At the Sikh youth camps, every year the trainees are urged to learn about their heritage and feel proud of it. They are told to follow the Sikh practices, reciting Gurbani, wearing five K's and observing the Sikh discipline. At the Vancouver Island camp, one day the teenaged group was not in a learning mood. The faces of the two senior students revealed their inner feelings. To scuttle the teachings planned for that day, they came out with their own agenda.
I was busy arranging my teaching material and before I called the class to order, one youth acting as their spokesman asked me, "Uncle, anyway, why do we have to have a religion? Why should it put restrictions on the freedom of an individual? One should be able to live the way one likes. Of course, one should not cheat or commit any other crime."
Having understood their mood and temper, I felt it would be of no use to discuss the scheduled topic with them. They needed a change in their regular program and I provided it to them. After listening to the question, I said, "This is a wonderful question. Today, this period will be used only to answer your open questions on any topic. Any more questions please?"
The trainees were visibly relaxed and pleased with the success of their plan. The second student came out with another question, "Why should one continue to say 'God', 'God', every day? OK, God does many favors for us. But why should He demand daily meditation from us? Uncle, is God not Himself egocentric? I do not like your God."
There were many more questions asked by the youth. This dialogue brought them back to a listening and learning mood. A summary of the discussions with them is given below:
1. When asked how many of them would like to go swimming that afternoon (it was summertime) every one raised his hand. I asked, "Will the pool benefit from you when you swim in it? Do you oblige the pool when you enjoy it?" The answer was "No".
I put another question to them, "During winter when you enjoy the sun at the beach, is the sun benefited by your sitting there?" Of course, the answer was the same. Having thus prepared their mind, I asked, "If not, then why should you think you are obliging God when you bask in the 'sun' of the virtues of God or 'swim' in the comforts provided by Him? "
When we meditate on God, we think of His virtues and try to imbibe them for lighting the path of our life. It is not God who benefits when we remember Him, it is we who benefit by meditating on His virtues to obtain peace and happiness. No doubt, repeating His Name like a parrot, without keeping the mind tuned to His virtues, is of little benefit.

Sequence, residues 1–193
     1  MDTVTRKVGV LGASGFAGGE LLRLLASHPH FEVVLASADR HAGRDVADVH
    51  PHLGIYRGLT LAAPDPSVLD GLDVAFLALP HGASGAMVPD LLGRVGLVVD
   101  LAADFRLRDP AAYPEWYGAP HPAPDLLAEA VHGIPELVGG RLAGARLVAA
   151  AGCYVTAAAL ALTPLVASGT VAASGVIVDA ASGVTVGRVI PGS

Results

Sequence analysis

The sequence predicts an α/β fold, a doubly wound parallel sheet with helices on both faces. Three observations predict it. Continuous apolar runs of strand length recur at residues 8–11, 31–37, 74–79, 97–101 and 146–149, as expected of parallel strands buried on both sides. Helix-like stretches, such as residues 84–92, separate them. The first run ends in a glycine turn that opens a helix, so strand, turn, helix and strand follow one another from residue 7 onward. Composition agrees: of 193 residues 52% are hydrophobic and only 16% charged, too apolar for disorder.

Now, I think you understand God is not an egocentric person. It is we who on many occasions become ungrateful and fail to thank Him for His favors. Again, it is we who lose the benefit, which flows from His virtues if we do not meditate on Him.
2. To answer the other question, the discussion followed like this:
Did anyone of you notice that I was late for the morning assembly in the gurdwara? A couple of boys responded, "You were not late, we had just started when you quietly slipped in." I asked, "Anyway, when the classes are over today I need two volunteers to go with me with a small gun." The students were surprised to hear that and looked at me askance. I continued, "I want you to break all the traffic red lights on my way, they unnecessarily delayed me in the morning. At every crossing (intersection) the driver stopped the car. When I told him to move on as no car was coming from any other side, he responded that the police will give him a ticket (fine him)."
When I pointed out that there was no policeman to be seen anywhere, he replied, "We may meet an accident and may lose our life.” I asked the driver, "How can there be an accident when there is no vehicle coming from any side?" He said, "That is the law. We have to stop at the red light, vehicle or no vehicle from other sides."
I questioned the youth, "Is it not the wrong law? Why should one stop when there is no vehicle coming from any direction? A red light unnecessarily delays our journey.” The students jointly responded, "Without red and green lights to direct the traffic, there will be chaos and many accidents will occur. Even when the law is there, some people ignore the traffic rules and cause accidents. We should not remove red lights."
To interpret their view I observed, "You mean to say that even when you are bothered and delayed, you should not disregard red lights." The youth in one voice replied, "Yes, one should always follow the signals." I continued, "Now, it should be easy for you to understand the answer to your second question, why a religion has 'red' lights. They tell you not to defy certain directions to save yourself from meeting accidents of life. They have been 'fixed' not to obstruct your way of life, but to keep your path clear and safe. Some 'roads' have permanent 'red lights'. A Sikh cannot smoke or drink, nor is he permitted to have premarital/extramarital sex, etc. You must study the Sikh Reht Maryada for this.
One must move on at the 'green light' to reach his destination. Otherwise, not only he himself will miss the goal but will also delay the traffic (mislead other people) following him. I believe, now, you will also understand why Sikhs must remember God every day and recite Gurbani regularly, as directed by the Guru; this is the 'green light' of our faith."
The youth enjoyed the discussion that day and the author felt satisfied that the trainees received a useful lesson for everyday life.